“absences in police forces, pressures on healthcare facilities, perceptions that there is limited resource, e.g. limited face masks or hand sanitiser, [and] perceptions of inadequate Government response to contain the outbreak.” 

This warning is likely to have impacted propaganda decisions as it became clear that the UK was unprepared. News about test unavailability and poorly managed PPE started to break on the 24th of March, contradicting Deputy Chief Medical Officer Harries’ assurance on the 20th that “the country has a perfectly adequate supply of PPE”. Hancock contradicted the official Sage evidence corpus by repeatedly insisting that herd immunity had never been part of the plan. On the 26th, Harries told reporters that testing was not an appropriate intervention in light of WHO’s “message for all countries: test, test, test”. On April 1, Boris contradicted this by stating he had been saying for weeks and weeks that “testing is the way through.” The same day, Deputy Chief Medical Officer Van Tam said testing “is a bit of a side issue” as the Government confirmed that only 2000 out of 500,000 frontline NHS workers had been tested for COVID-19 so far. On April 2, Rupert Shute, the Home Office Deputy Science Advisor repeatedly stated on a Home Office conference call that the Government believes “we will all get” COVID-19 eventually, before implying they consider hundreds of thousands of deaths unavoidable. 

P. M. Taylor, a propaganda scholar, stated that one of propaganda’s main tenets is to fall in line with policy. SPI-B had stressed this repeatedly and called for communications to give the impression of transparency. The aforementioned inconsistencies are a small example of incompetence in this regard. This incompetence has real effects when a population needs to comply to save lives. On March 31, Boris rehired his election chief and election staff to help mitigate the fiasco. The propaganda response moved into campaign mode, focusing on creating unity and amending perceptions about limited resources and inadequate responses. Orders to “Stay Home, Protect the NHS, Save Lives” were branded similarly to “Get Brexit Done.” This message was necessary; reports of people breaking lockdown rules flooded in. Having cultured the perception that the disease was not threatening, Cabinet now had to reverse it. At the time of writing, this is an ongoing battle. This could be due to the anchoring cognitive bias, where initial information is more influential than subsequent information, as Britain found with its propaganda hangover after WWI. Public unity, effectively meaning lockdown compliance, was encouraged by leveraging social pressures, e.g. nurturing a social norm to publically clap for the NHS every Thursday. Clap for the NHS was successful. It helped to distract, making headlines as news started to spread about failures to provide NHS staff with PPE while permitting a flight from reality into the mysticism of patriotism. It is a superstitious behaviour, thus providing illusory feelings of control over a situation. It makes the population feel cohesive, increasing compliance and encouraging self-policing (important to prevent awareness of a weak police force). It also serves the benefit of improving morale, important considering SPI-B’s public disorder warning. A propaganda miracle occurred when Boris contracted COVID-19, which dominated headlines over rising death tolls while leveraging public empathy to increase Government support. Leave.eu attempted to instigate a national ‘Clap for Boris’ on twitter. Leave.eu was part of the Vote Leave campaign, directed by Cummings and criticised for ties with Cambridge Analytica. On April 10, as UK daily deaths became higher than any recorded in Italy or Spain, media coverage led with Boris’ recovery from ICU, while BBC News’ main headline was about the “herculean effort” of the Government to provide NHS with PPE. Subsequent headlines featured nurses describing treating Johnson as “surreal”, something they’d “never forget” and that he was “like everybody else”; orchestrated artificial grassroots support to boost public opinion about Boris and his government seem likely. The notions of supporting the country and supporting its leader are being conflated.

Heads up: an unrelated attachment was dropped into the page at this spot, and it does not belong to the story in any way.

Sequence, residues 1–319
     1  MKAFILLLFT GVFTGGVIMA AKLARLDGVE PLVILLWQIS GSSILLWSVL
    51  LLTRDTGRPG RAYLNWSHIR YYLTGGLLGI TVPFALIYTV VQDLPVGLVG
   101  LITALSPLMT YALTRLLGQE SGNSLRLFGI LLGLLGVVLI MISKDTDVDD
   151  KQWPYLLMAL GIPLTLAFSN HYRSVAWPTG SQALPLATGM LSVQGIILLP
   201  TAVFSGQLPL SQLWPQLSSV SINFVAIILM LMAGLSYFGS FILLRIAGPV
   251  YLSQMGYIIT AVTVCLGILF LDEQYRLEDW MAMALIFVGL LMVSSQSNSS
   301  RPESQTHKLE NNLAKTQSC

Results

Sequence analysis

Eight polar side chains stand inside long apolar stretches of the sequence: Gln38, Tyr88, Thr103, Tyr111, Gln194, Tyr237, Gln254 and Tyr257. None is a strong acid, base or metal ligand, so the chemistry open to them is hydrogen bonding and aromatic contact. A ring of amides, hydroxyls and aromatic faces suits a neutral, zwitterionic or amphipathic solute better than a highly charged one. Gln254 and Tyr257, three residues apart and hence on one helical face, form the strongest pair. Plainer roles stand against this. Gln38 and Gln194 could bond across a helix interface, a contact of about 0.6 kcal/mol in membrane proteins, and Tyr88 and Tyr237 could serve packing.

The COVID-19 crisis in the UK is an important case study of how propaganda is used by Governments with varying degrees of effectiveness. There is substantial evidence that Downing Street gave inappropriate priority to the economy while communicating inappropriate calmness. This was an ineffective strategy that led to many deaths. The hangover of those communications is continuing to kill due to its erosion on later requests for complicity. Substantial insight into the use of propaganda can be gleaned from the crisis. Postmodern propaganda techniques such as those pioneered by Surkov and Trump sometimes involves creating a sense of Brechtian alienation, where the population is aware that they cannot trust what they are hearing, and leveraging that to create vulnerability via atomisation and dissonance while controlling discourse on all sides. It is impossible to separate postmodern ‘post-truth’ propaganda from any contemporary approach, and it’s possibly relevant when examining Cabinet’s contradictory narratives. However, modern propaganda as outlined by AMC Lee’s guide appears more relevant in this crisis, though it is probable that there are undetectable postmodern strategies at work. It is somewhat reassuring to see the ineffectiveness of some elements of Britain’s propaganda campaigns, but its scope, reality and consequences are disturbing. Propaganda is coercion, but coercion is sometimes justified; as it would have been if efforts were focused on psychological preparations for severe protective measures. This was not the case. Activists should take time to study propaganda techniques in order to identify and counter them in a systematic, academic fashion. Justifiable propaganda should not be necessary if the population agrees with the strategy. It is a democratic necessity for activism to involve dispassionate analysis of propaganda to propagate awareness of techniques and open discussions of government strategy. During COVID-19, widespread propaganda analysis may have pressured the Government into changing its course, saving hundreds of thousands of lives. Awareness of pro-NHS propaganda has great potential in activists leveraging its momentum to fight NHS privatisation after the crisis. In battling environmental destruction, mass consciousness and discussion of propaganda may be one of the few tools activists can use to save humanity.